At the winter meetings, Sullivan traded Burleson and Hobson to the Angels for Lansford, Miller and Pitcher Mark Clear. He tried to trade Lynn to the Dodgers for pitchers Steve Howe and Joe Beckwith and First Baseman Mike Marshall, but the deal fell through at the last minute when L.A. refused to give Lynn only a one-year contract. That was a much better deal than the one Sullivan finally had to settle for: Lynn and Pitcher Steve Renko to the Angels for Pitcher Frank Tanana, Outfielder Joe Rudi and minor league Pitcher Jim Dorsey. Rudi and Tanana are strictly temps; both are in the final year of their contracts, as are Yastrzemski, Second Baseman Jerry Remy, Outfielder Tom Poquette and Reliever Bill Campbell.
"I just couldn't make a trade for Fisk," Sullivan says. Because he mailed his contract offer to Fisk two days after the deadline, Fisk was ruled a free agent. Sullivan likes to give the impression he did that on purpose. He would have people believe that instead of paying Fisk a high salary won through arbitration this year, and then losing him to free agency next year, he decided that losing once was better than losing twice. It doesn't wash, though. Fisk left and the Red Sox got nothing in return.
That Sullivan got as much as he did for Burleson and Lynn is a tribute to his baseball savvy. "Sully's a good baseball man," says Tiger General Manager Jim Campbell. "He's just a victim of circumstances, and his club is no different from the other clubs which have lost players." Sullivan has been careful to depict his stand not as a penny-pinching exercise but as a crusade against outrageous salaries. "The insanity has to stop somewhere," he says.
What do the boys in exile think of Sullivan? "I still don't know what their objective is—to win or to make money," says Lynn. "I'm sure they'll make money. I don't think they can win." Says Renko, "Baseball is a millionaire's toy. If they can't afford to run a club the way it should be run, they should sell and get out." Says Burleson, "It's their club and they have a right to run it the way they want." When Fisk was told that Ruth's response to being sold to the Yankees was "My heart is in Boston—I have a farm in Sudbury," the catcher said, "My heart is in Boston—I have a farm in New Hampshire."
How did Haywood and Buddy get into this fine mess? Sullivan was an ordinary catcher and a decent manager who was hired by Yawkey in 1965 to be the Red Sox player personnel director. LeRoux was a Red Sox and Celtics trainer who made a lot of money massaging real estate in Winter Haven, the Red Sox Florida home. When the Yawkey estate put the team up for sale in 1977, Sullivan and LeRoux got the scratch together, with the considerable help of Mrs. Jean Yawkey, who remains an Invisible Owner. "I don't know why people are against us," says LeRoux. "Where else but in America can a former catcher and a former trainer buy a baseball team?" Harry Frazee, by the way, was a former bellhop.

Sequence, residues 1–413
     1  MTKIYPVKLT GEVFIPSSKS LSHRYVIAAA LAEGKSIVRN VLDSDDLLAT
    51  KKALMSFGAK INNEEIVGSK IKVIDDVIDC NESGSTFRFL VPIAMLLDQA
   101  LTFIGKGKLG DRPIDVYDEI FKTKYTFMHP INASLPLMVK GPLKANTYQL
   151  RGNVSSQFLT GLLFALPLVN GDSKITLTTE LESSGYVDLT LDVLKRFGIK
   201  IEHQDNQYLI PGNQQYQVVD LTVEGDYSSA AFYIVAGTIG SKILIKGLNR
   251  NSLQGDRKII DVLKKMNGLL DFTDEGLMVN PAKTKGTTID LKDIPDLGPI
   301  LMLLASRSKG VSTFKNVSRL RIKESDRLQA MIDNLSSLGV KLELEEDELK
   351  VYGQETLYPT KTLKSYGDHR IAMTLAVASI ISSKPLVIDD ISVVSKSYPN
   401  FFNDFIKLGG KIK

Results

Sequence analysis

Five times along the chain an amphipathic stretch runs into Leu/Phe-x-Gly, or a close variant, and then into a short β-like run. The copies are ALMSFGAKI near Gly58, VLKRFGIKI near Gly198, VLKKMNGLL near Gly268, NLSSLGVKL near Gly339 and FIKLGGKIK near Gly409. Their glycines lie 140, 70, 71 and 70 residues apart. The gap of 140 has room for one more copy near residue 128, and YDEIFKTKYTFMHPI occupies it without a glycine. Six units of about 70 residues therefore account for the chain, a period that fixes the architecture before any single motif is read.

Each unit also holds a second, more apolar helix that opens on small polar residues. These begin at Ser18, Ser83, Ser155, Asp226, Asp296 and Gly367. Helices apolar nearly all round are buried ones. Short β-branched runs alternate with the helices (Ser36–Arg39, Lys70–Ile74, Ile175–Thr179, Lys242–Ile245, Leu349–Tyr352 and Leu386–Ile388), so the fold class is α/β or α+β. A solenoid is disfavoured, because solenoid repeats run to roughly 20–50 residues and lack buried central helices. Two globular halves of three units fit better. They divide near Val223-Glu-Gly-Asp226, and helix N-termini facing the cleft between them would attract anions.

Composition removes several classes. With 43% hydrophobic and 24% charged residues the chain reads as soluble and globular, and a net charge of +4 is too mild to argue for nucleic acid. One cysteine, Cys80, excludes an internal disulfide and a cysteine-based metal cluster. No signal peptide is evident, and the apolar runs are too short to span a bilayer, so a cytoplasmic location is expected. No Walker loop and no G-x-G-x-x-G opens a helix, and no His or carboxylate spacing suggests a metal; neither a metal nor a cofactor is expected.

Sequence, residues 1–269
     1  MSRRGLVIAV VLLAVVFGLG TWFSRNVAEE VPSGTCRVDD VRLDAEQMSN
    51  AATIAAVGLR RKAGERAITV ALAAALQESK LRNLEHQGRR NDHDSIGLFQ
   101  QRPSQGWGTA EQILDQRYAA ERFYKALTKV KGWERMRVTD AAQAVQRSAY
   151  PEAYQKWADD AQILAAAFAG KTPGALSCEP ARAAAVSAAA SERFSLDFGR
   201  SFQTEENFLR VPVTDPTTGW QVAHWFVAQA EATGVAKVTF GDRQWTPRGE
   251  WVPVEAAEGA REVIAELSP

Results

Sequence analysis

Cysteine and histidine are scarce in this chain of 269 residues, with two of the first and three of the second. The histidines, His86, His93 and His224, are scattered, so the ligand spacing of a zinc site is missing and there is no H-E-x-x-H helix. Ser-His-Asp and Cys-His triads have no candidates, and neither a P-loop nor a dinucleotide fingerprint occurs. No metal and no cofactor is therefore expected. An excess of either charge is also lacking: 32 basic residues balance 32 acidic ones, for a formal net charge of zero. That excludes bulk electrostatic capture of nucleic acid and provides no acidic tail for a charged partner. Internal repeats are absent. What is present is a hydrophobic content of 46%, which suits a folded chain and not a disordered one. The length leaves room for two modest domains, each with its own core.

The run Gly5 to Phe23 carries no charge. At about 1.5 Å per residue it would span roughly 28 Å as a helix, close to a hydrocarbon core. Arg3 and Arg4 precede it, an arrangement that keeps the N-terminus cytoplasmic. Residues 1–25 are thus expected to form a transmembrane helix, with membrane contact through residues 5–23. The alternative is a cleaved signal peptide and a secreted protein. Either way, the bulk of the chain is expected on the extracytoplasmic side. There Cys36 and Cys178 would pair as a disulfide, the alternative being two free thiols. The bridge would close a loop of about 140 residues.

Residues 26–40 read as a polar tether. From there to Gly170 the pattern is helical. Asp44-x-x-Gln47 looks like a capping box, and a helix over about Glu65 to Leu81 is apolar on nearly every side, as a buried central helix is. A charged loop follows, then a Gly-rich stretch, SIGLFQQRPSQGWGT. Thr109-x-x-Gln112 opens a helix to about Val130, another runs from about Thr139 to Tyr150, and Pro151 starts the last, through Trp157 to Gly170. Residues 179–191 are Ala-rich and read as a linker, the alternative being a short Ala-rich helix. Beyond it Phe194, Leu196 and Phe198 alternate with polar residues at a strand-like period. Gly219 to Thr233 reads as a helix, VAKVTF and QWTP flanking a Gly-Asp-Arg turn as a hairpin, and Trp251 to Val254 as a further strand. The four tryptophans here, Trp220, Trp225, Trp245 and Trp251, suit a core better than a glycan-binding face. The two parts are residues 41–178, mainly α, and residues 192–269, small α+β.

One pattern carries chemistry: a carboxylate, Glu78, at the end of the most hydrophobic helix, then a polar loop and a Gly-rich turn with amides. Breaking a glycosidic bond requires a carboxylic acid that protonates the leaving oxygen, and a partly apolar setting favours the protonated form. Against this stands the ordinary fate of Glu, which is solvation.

Sullivan and LeRoux are nowhere nearly as strapped financially as was Frazee, who kept using the Red Sox to finance his Broadway flops. (Two years after he sold the ball club, Frazee struck it rich with No, No, Nanette, which featured the hit tune Tea for Two.) "We don't owe a single dime," says Sullivan. That isn't strictly true. The owners need a reported $3 million a year to pay the interest on the loans they took out to buy the team. And pardon the expression, it's a whole new ball game nowadays. One baseball executive says, "It's too bad for the Red Sox, but that's the kind of time we're living in. The market of players today has become crazy. They don't have the money they had under Yawkey. Yawkey would have handled it." He might have done what the Baltimore Orioles did. Faced with much the same problem, they signed most of their stars to long-term contracts.
The overall impression the Red Sox owners give is that they're commanding the U.S.S. Caine—someone is always stealing the strawberries. Last year the Red Sox wasted a lot of energy in a battle with the D'Angelo brothers, who own two lucrative souvenir shops on Yawkey Way and Lansdowne Street. The team wanted the brothers to pay a licensing fee for use of the team logo. When the brothers refused, the Red Sox set up their own "official" souvenir shop on Lansdowne Street.
In the past, LeRoux and Sullivan have raised ticket prices without public announcement. The next time they're tempted to raise the prices, they should remember how much money they saved by not signing Fisk, Lynn and Burleson. On Opening Day, they angered the players' wives by switching their complimentary seats behind home plate to less desirable locations.
Of the Visible Owners, Sullivan seems to be overworked. While LeRoux handles financial matters, Sullivan takes care of everything else. He sits on two important owners' committees, serves as general manager, carries a walkie-talkie for crowd control, and yet he has no assistant to tell him when contracts should be mailed. He can't do it all alone, but he tries, either out of pride or penury.
Ruth's 29 homers were more spectacular than useful; they didn't help the Red Sox get out of sixth place.